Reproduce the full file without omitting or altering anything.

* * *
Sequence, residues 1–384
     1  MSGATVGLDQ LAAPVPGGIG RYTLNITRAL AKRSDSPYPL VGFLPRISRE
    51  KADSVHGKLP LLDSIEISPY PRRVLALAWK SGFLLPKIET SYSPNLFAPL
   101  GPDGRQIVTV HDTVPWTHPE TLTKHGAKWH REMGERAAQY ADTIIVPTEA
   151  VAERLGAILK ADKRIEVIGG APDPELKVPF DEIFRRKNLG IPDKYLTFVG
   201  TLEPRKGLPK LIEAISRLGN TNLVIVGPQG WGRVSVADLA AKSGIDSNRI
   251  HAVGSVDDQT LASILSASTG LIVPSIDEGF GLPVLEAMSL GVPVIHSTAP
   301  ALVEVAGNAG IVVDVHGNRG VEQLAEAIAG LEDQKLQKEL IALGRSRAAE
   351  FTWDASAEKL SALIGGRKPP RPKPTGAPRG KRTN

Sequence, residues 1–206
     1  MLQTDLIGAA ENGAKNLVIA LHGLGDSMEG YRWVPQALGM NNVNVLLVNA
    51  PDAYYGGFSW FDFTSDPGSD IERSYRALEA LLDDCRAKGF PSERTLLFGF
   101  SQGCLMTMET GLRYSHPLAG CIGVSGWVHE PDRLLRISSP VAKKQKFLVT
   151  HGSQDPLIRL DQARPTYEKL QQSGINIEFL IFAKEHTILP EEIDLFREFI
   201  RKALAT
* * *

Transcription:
Sequence, residues 1–384
     1  MSGATVGLDQ LAAPVPGGIG RYTLNITRAL AKRSDSPYPL VGFLPRISRE
    51  KADSVHGKLP LLDSIEISPY PRRVLALAWK SGFLLPKIET SYSPNLFAPL
   101  GPDGRQIVTV HDTVPWTHPE TLTKHGAKWH REMGERAAQY ADTIIVPTEA
   151  VAERLGAILK ADKRIEVIGG APDPELKVPF DEIFRRKNLG IPDKYLTFVG
   201  TLEPRKGLPK LIEAISRLGN TNLVIVGPQG WGRVSVADLA AKSGIDSNRI
   251  HAVGSVDDQT LASILSASTG LIVPSIDEGF GLPVLEAMSL GVPVIHSTAP
   301  ALVEVAGNAG IVVDVHGNRG VEQLAEAIAG LEDQKLQKEL IALGRSRAAE
   351  FTWDASAEKL SALIGGRKPP RPKPTGAPRG KRTN

Sequence, residues 1–206
     1  MLQTDLIGAA ENGAKNLVIA LHGLGDSMEG YRWVPQALGM NNVNVLLVNA
    51  PDAYYGGFSW FDFTSDPGSD IERSYRALEA LLDDCRAKGF PSERTLLFGF
   101  SQGCLMTMET GLRYSHPLAG CIGVSGWVHE PDRLLRISSP VAKKQKFLVT
   151  HGSQDPLIRL DQARPTYEKL QQSGINIEFL IFAKEHTILP EEIDLFREFI
   201  RKALAT